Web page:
Wisconsin Enrollments
by Silence Dogood

The Leader-Telegram published an article September 25, 2014 on enrollment at UW-Eau Claire, UW-River Falls and UW-Stout. According to the article,

Starting with the university with declining enrollment—Eau Claire. UW-Eau Claire lists a second-week headcount of 10,619 students, which is down 223 from the same time a year ago. This decline corresponds to a decline in enrollment of 2.1%. When numbers are finalized the article reports that UW-Eau Claire expects to be down only 150 students, which would represent a decline of 1.4%. The article further states that: “The university’s examining statistics to find reasons for the drop.” This contrasts with SCSU, where President Potter simply continues to say: We’re ‘right sizing.’

Consider these two universities. One university is where the enrollment is down 1.4% and people are worried and asking questions. Another university is down in enrollment over 22% and the only comment from the administration is that we’re ‘right sizing.’ However, recently the administration has started saying that we need to “grow our programs.” So the obvious question is how far did SCSU go past the ‘right size’?

UW-River Falls enrollment is listed as being down 20 students but with students still to enroll in mid-semester classes expects “it will be nearly identical to what we had last year.” SCSU recently projected a decline of 4-5% for FY15 (up from 3.2% last March). Unfortunately, current data points to being down significantly more than the administration’s latest estimates. It looks like SCSU will now add its fourth year in a row of enrollment decline over 5%.

The article also states that if UW-Stout enrolls eight more students, it will break its enrollment record set in the fall of 2011. “Meeting freshmen enrollment targets, a rise in transfer students, higher retention rates and more people taking graduate courses were factors to UW-Stout’s increasing numbers.”

Looking at the data for SCSU’s new entering freshmen (NEF):

Fall’08 to Fall’14, NEF enrollment has dropped by 721 students and represents a drop of 30.0%! So it looks like SCSU and Stout are on very different trajectories.

Looking at the data for SCSU’s transfer students (NET):

Fall’08 to Fall’14, NET enrollment has dropped by 306 students and represents a drop of 23.1%! So again it looks like SCSU and Stout are on very different trajectories.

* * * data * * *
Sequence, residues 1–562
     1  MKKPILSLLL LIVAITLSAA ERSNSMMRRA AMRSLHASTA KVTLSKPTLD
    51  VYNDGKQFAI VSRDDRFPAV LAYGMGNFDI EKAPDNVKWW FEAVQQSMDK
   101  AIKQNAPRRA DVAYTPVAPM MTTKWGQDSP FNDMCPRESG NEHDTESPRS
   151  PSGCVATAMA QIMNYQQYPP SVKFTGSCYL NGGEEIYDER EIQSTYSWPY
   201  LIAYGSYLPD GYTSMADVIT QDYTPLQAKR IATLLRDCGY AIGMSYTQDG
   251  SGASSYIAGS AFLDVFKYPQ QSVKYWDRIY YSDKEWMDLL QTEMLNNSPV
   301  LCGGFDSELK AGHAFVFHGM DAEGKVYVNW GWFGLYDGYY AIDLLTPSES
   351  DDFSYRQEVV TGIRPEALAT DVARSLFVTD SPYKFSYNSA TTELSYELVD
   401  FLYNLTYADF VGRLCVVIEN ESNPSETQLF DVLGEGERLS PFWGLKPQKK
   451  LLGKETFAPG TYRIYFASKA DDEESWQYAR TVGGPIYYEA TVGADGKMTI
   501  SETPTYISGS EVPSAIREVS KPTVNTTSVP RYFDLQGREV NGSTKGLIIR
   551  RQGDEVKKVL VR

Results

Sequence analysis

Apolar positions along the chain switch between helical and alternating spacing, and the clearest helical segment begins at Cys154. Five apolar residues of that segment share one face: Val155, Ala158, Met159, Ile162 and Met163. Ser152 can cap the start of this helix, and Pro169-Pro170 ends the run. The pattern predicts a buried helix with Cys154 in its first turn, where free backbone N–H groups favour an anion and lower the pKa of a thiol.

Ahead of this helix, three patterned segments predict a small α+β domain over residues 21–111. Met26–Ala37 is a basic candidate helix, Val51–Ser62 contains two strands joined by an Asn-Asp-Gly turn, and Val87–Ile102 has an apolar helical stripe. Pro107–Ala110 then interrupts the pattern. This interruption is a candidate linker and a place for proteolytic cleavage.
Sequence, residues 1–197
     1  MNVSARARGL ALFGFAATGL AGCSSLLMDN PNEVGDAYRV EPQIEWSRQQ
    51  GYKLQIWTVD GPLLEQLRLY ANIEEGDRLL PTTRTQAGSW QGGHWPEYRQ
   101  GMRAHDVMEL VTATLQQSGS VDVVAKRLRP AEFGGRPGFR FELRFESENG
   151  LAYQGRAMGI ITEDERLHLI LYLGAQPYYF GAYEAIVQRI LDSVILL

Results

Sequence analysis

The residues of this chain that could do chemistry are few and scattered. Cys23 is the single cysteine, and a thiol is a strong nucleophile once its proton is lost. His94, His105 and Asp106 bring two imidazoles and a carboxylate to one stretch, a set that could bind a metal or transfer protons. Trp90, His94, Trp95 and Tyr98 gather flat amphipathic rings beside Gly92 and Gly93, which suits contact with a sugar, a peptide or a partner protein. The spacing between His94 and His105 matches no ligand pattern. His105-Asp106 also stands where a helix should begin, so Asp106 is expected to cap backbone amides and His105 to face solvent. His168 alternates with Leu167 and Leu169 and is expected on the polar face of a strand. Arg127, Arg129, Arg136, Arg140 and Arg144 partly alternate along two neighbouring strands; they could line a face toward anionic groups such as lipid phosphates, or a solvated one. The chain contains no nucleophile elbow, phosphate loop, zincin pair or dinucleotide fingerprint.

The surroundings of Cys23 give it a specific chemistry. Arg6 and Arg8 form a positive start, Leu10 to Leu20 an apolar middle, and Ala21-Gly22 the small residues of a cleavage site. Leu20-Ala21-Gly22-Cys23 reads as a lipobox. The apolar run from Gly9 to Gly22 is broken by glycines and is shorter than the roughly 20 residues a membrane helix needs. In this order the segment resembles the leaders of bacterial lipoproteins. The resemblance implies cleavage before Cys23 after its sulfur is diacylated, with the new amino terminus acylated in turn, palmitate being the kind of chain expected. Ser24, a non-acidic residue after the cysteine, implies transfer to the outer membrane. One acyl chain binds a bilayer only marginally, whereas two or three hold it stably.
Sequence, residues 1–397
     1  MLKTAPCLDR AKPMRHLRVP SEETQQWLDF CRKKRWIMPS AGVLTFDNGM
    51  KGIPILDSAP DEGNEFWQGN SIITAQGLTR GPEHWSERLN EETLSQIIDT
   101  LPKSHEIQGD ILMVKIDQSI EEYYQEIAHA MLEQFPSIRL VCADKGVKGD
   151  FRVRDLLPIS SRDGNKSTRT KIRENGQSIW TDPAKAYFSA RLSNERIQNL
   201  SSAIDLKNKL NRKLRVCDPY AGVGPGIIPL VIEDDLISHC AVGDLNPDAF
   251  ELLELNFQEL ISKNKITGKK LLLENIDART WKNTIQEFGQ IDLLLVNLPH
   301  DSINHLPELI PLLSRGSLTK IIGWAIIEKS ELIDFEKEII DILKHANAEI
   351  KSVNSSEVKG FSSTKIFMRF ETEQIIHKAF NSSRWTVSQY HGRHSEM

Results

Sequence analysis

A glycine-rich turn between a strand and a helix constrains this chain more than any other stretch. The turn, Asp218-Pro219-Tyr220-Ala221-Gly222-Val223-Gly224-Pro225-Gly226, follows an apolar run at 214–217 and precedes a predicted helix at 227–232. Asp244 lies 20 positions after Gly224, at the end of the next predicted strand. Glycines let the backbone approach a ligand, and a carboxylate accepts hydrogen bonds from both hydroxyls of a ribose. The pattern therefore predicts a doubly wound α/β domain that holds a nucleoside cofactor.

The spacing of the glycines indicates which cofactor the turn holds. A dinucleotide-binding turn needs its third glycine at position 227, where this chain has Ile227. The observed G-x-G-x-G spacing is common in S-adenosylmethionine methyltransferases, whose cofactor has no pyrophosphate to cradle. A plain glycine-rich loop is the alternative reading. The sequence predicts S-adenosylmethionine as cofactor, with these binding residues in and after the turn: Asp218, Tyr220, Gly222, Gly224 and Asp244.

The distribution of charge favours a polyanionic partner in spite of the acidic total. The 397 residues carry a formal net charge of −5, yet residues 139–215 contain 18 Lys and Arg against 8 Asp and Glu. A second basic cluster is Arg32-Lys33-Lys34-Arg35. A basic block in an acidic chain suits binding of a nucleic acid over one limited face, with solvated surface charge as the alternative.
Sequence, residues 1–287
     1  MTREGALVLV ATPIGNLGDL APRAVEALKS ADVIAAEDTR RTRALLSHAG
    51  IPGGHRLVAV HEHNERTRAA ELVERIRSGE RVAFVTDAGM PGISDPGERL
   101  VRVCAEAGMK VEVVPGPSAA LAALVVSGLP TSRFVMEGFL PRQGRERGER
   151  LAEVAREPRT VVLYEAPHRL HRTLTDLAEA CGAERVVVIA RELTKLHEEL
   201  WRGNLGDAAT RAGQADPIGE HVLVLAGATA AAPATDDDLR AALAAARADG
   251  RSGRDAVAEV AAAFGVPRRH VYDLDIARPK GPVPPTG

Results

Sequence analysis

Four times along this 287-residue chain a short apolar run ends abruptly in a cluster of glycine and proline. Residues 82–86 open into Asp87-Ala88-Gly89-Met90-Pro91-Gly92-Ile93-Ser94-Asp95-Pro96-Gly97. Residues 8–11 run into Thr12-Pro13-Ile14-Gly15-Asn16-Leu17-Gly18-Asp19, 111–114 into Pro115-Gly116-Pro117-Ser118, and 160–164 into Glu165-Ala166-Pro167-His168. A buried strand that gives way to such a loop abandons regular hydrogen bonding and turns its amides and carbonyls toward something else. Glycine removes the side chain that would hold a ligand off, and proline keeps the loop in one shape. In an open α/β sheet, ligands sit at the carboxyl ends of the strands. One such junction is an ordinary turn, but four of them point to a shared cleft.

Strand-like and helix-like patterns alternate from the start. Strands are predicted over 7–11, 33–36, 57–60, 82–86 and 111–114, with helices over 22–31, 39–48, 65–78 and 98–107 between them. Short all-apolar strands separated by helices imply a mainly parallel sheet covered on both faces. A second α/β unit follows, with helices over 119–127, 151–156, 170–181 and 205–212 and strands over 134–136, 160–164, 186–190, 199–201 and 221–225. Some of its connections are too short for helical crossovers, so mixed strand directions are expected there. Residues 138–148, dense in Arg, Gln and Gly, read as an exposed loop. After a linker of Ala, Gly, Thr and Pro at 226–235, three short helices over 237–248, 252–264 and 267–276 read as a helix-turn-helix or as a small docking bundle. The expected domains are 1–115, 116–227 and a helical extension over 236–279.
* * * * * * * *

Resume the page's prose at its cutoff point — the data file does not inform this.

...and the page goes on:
SCSU doesn’t report retention rates. Most of the MnSCU universities have tables of retention rates on their websites; SCSU does not. Historically, SCSU’s retention rates were in the high 70’s. Recently, they have fallen into the high 60’s and now several have claimed to have that they moved back into the low 70’s. However, the administration has not publically provided data on retention rates. The rates at Winona and Mankato are much higher.

Looking at the data for SCSU’s graduate enrollment:

This is the one area showing an increase like Stout. Unfortunately, a 1.00% growth in graduate enrollment, which is only 12% of the total enrollment, will not increase the overall enrollment significantly. Consider if the graduate enrollment had grown by 10% this fall instead of 1.00%, the overall enrollment would have increased by a whopping 1.2%. Given SCSU’s current enrollment situation, this still might be cause for celebration. However, it will not significantly affect the enrollment decline or the need for $8,000,000-$10,000,000 in budget reductions.

Certainly, the graduate enrollment increase is good news. However, since the university was ‘reorganized,’ graduate enrollment has dropped 15.0%. As a result, from an enrollment of 1,620 at a 1% rate of growth, it will take 17 years to get back to the enrollment level in Fall’10. It is also worth noting that the drop occurred in only four years. Given that significant funding cuts will need to be made, it is unlikely that graduate enrollment will continue to rise for two reasons. First, graduate programs have smaller class sizes and therefore higher personnel costs. Secondly, graduate assistantships are easy targets for budget cutters. Neither is a recipe for success in growing a program in a time of budget cutting.

The last time the university cut these kinds of dollars from the budget was when the university underwent reorganization and the enrollment was down over 5% in each of the four succeeding years. It doesn’t look like the enrollment has hit bottom yet. Now the university is cutting again. How will the results be different this time?

Insanity: doing the same thing over and over again and expecting different results. — Albert Einstein

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